Genealogy has come a long way in the last couple of decades, making it easier for individuals to learn more about their ancestral history and explore their family roots. In most cases, it requires people to locate and review old records, track birth, marriage, and death certificates, or even integrate DNA analyses into their methodologies. Unfortunately, the process isn’t as straightforward as it sounds for many Americans of African-American heritage, as they often face significant challenges in tracing their roots as a result of centuries of enslavement.
Let’s take a closer look at the common obstacles that emerge when researching African-American ancestry and ways to make the process a little easier.
The Challenges in Tracing Your African-American Roots
The US has a long, painful history of slavery, making tracing ancestral history more complicated for African-Americans. Institutional racism and prejudice meant that the lives of people of color were inadequately—or incorrectly—documented, resulting in incomplete or unavailable records. It wasn’t until 1870—five years after the Civil War had ended—that African-Americans were included by name in the US federal census.
As a result, tracing African-American ancestors before the 1870 Census is extremely difficult. Many researchers and historians equate tracing family histories to putting together different “puzzle pieces” to form a complete picture. In the case of African-American ancestry, there’s the additional challenge of locating pieces of the puzzle that may not even exist.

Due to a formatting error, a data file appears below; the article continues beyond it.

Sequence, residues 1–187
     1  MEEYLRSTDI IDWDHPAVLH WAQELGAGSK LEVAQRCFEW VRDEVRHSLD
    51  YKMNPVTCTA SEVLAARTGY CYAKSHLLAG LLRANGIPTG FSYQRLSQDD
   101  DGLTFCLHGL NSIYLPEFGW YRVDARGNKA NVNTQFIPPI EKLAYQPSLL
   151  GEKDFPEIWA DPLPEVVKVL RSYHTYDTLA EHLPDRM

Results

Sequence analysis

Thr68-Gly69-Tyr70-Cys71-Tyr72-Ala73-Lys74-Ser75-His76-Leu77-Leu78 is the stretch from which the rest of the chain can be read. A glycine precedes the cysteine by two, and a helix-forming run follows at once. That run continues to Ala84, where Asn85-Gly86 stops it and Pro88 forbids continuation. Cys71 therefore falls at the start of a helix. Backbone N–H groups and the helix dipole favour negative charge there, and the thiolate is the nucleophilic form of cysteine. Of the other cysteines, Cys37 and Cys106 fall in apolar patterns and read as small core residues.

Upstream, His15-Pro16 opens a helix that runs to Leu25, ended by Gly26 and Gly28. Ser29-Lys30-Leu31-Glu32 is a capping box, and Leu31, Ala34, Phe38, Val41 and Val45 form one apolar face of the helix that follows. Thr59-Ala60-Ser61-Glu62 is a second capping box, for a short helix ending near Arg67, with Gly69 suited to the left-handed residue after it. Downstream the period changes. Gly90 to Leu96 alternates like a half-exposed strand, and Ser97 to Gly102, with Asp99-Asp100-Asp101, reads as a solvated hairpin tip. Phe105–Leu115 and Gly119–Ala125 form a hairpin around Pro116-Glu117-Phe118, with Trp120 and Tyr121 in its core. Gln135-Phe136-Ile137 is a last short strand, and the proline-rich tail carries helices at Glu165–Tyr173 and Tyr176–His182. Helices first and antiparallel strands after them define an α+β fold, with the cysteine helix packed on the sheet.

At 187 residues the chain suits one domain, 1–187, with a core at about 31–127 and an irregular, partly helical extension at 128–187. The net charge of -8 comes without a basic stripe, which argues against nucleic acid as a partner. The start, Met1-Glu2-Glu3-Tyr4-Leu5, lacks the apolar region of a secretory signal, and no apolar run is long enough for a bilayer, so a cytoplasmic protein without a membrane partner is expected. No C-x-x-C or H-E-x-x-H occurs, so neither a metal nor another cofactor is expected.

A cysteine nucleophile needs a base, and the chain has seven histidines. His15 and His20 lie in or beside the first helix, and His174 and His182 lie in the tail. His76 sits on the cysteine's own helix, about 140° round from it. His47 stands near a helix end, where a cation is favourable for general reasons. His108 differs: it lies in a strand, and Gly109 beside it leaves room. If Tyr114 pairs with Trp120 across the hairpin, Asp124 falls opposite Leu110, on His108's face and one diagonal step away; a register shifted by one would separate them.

How to Get Started
As challenging as tracing African-American ancestry can be, you do have something to work with if you’ve decided to embark on this mission. Start with what you already know or can access. This includes family stories, oral traditions, and any existing documents you have.
Talk to as many people as you can, even if they seem unconnected to your family history. You never know who can offer some insight into your research. Organize all your information to determine better what else you need and what your next step should be.
Try using a timeline, and document your progress as you go. Finding documents can be tricky, but hey, it’s worth a shot. It helps if you have an idea about the places, dates, or names of the ancestors you’re searching for.
A few important sources of information for history prior to 1870 are the Federal Slave Schedules. These documents enumerated enslaved persons by age and gender, but they also reference the name and property of the enslaver. Old newspapers, photographs, census data, probate files, journals, and governmental records can offer information of value, and wills can be the most important records, as those who were enslaved are often mentioned by name. Be on the lookout for records that mention the enslaver, as they can often lead to those persons you’re seeking.
A valuable resource for anyone researching African-American ancestors is the “Index to Records of Ante-Bellum Southern Plantations: Locations, Plantations, Surnames and Collections, 2d Ed.”, a well-researched book by Jean Lynn Cooper.
Finally, reach out to a professional investigative genealogy services such as DavisDNA and Family Research. We specialize in family history research and can help you trace your African-American ancestors. We also offer forensic and genetic genealogy services, and with our expert DNA research assistance analysis and integration.
Get in touch with us to learn more about our range of services.